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Thread: my 11 month old black and tan boy toto just diagnosed with severe onset syringomyelia

  1. #1
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    Default my 11 month old black and tan boy toto just diagnosed with severe onset syringomyelia

    hi all,

    I have just joined this forum. I have three beautiful dogs, Bailey my 5 year old ruby boy who is a therapy dog and also has had epilepsy since he was two years old; however its controlled very well by medication and he has a very good quality of life. I was very reluctant to get another cavalier after my experience with Bailey and I waited a long time to get Toto. I got him from a very reputable show breeder and was sure I was going to avoid all the heartache of a cavalier with serious health problems. Alas, he is a very unwell dog. He is only 11 months old and is severely affected by SM. According to my vet he has scoliosis of the spine as well as occipital caudal malformation and the outlook is very poor for him. I'm totally devastated at the thought of losing him and dont know how i'm going to face that day when it comes. In the meantime I am going to give him the best life he can have as long as his quality of life is maintained and he can go for a walk, wag his tail and be relatively pain free. my head is in a spin as I only got this news a week ago and i'm still trying to take it all in. I have written to the breeder with a recommendation from my vet that the parents should be mri'd and not be bred in the future. Any advice would be much appreciated. my other dog is Roxy a one year old japanese spitz and I got her at five months from a family who could not keep her any longer. Roxy and Toto are the best of friends and Bailey tolerates the two of them with as much grace as possible!

    Milly

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    Hello Milly and welcome to the site.
    I'm sorry for the circumstances which brought you here,but you can be certain of plenty of support and advice for both of your cavaliers.
    There are members here who have experience with both epilepsy and SM.
    11 months is very young to have to cope with SM.
    I presume you have had him Mri scanned and have good veterinary care and insurance?
    the best advice I can give,based on my own experience with SM,is to make sure you do a blood test for liver function before putting him on medication and monitor every few months as some meds can be tough on the liver.
    There are others here who can give better information of their experiences of medicating and managing younger dogs with the condition.
    As for surgical intervention,I chose not to go down that route myself,I didn't feel that there was a hospital with the expertise and experience to carry out the surgery in Ireland and it is a very big undertaking.
    It's understandable that your head is in a spin and you need to allow time to absorb the news and research the condition.
    Anything we can do to help...just ask!
    Sins
    Sharing my sofa with Holly, Ivy,Lilly and Hazy.. and never forgetting our beautiful Daisy who reached the bridge too soon.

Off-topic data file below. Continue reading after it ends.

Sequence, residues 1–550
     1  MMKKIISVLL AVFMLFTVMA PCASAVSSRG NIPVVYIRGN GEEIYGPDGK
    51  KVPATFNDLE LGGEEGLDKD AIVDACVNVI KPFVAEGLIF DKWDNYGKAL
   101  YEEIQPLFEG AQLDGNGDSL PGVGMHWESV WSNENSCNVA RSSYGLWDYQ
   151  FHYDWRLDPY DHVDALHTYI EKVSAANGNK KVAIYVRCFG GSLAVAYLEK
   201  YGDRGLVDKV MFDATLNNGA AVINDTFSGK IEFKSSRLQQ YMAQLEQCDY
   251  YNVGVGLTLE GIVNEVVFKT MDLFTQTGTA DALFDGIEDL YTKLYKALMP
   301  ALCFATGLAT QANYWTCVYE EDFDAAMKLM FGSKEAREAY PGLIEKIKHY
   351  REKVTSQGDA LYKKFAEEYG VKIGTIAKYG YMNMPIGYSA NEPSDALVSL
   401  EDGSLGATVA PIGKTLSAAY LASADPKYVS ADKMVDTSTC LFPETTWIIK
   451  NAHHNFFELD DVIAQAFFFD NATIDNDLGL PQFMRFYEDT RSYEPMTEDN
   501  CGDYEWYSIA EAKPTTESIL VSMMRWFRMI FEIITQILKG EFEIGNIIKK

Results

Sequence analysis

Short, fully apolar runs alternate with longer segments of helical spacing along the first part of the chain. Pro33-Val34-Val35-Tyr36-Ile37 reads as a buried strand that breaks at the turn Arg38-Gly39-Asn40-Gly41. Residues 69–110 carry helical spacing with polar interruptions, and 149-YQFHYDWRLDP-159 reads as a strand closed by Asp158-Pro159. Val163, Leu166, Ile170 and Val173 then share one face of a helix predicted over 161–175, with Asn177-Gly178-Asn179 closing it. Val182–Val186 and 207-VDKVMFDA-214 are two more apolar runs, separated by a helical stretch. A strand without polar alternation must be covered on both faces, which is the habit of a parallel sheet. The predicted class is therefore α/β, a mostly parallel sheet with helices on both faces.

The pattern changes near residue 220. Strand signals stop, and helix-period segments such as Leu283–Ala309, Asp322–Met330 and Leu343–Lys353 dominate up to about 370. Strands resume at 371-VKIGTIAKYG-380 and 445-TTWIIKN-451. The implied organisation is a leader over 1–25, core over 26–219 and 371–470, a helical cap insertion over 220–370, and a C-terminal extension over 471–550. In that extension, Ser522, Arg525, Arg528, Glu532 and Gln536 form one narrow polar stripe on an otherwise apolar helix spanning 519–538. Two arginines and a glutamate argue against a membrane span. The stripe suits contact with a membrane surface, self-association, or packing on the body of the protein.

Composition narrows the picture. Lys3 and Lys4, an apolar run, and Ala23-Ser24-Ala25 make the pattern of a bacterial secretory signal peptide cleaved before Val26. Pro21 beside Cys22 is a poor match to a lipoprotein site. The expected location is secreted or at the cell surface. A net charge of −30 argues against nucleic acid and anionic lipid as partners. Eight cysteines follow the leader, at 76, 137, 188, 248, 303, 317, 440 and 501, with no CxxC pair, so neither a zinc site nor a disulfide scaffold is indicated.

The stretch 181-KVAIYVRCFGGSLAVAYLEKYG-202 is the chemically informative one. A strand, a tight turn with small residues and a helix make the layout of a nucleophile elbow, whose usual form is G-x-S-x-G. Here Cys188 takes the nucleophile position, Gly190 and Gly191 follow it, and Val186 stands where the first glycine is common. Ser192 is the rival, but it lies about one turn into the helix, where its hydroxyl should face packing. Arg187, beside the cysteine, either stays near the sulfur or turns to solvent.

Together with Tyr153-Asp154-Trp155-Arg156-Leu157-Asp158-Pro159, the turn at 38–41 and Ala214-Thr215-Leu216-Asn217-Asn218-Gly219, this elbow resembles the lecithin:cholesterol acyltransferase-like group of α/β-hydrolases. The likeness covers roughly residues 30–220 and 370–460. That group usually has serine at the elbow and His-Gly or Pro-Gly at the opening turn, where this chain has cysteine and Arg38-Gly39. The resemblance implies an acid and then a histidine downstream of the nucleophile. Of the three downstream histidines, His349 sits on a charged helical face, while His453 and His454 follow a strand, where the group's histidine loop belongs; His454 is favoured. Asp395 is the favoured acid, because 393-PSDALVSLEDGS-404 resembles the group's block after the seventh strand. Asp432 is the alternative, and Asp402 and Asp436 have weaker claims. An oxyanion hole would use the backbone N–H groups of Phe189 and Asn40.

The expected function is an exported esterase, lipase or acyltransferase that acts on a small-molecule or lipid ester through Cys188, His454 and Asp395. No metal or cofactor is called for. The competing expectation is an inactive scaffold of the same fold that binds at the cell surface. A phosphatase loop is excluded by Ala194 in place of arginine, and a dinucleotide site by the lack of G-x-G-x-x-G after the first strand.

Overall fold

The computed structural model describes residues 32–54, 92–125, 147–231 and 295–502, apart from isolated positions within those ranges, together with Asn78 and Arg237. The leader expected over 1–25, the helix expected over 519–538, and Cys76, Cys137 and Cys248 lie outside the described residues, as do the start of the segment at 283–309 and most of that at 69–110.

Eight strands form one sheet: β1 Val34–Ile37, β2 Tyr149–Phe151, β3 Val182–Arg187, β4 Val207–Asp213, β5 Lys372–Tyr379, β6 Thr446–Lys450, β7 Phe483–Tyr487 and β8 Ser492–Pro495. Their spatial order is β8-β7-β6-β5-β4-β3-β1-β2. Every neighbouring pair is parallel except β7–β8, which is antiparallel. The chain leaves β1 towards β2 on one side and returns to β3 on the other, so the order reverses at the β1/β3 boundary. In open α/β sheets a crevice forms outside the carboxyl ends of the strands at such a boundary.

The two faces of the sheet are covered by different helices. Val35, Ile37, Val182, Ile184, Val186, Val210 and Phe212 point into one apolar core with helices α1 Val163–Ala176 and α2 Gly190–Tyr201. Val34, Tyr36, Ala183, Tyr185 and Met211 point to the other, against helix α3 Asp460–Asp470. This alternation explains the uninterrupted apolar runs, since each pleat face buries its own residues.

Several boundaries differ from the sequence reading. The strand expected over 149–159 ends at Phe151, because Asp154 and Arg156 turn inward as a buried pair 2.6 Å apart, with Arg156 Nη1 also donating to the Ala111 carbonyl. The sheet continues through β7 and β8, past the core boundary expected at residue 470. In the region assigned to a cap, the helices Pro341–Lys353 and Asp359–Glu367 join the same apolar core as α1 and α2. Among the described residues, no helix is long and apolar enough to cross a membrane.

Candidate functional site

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    Have you had any reply from the breeder? It seems as though many breeders want to deny that they have SM in their line.
    There is no psychiatrist in the world like a puppy licking your face.
    - Bern Williams

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    hi Sins,

    Thanks for your reply. Fortunately I have a wonderful vet who I trust implicitly. he cares for all my dogs. I do have pet insurance which I took out for all my dogs. Toto has had ongoing health problems since he was six months old. Initially he had hip pain and when x rays were taken it was found that he has 'shallow hip bones'. My vet thought it was Legge Perthe's disease and advised total rest for a period of time. when he was re-xrayed no clinical changes were found and it was ruled out... thought I was at end of health problems .. Then I started to notice Toto's head cocked low to one side and other changes a sort of hopping walk but I kept trying to put this down to his other hip problems. but it started to get worse. when I took him to my vet he just examined him and found torticollis of neck, scoliosis of the back and hyperaesthesia of the neck area which he feels are all consistent with early onset SM. Toto has not had an MRI Scan as my vet feels he can make the diagnosis just from the clinical signs as they are so severe. As I only found out a few days ago he is currently receiving no treatment and I am just wondering which way to go forward? Should I go down medication route, surgery route? My vet feels that Toto has a poor prognosis but we all really love him so much. He is the sweetest dog and he has never as much as growled once in his little life. he loves people and other dogs its just so sad that he has to go through all this.

  5. #5
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    Hi Alana,

    I sent a letter to the breeder yesterday outlining the situation with Toto and included a letter from my vet as well as clinical documentaton; hopefully I will hear something soon. To be honest I am sort of anxious of what kind of reaction I will get. thanks for your reply

    milly.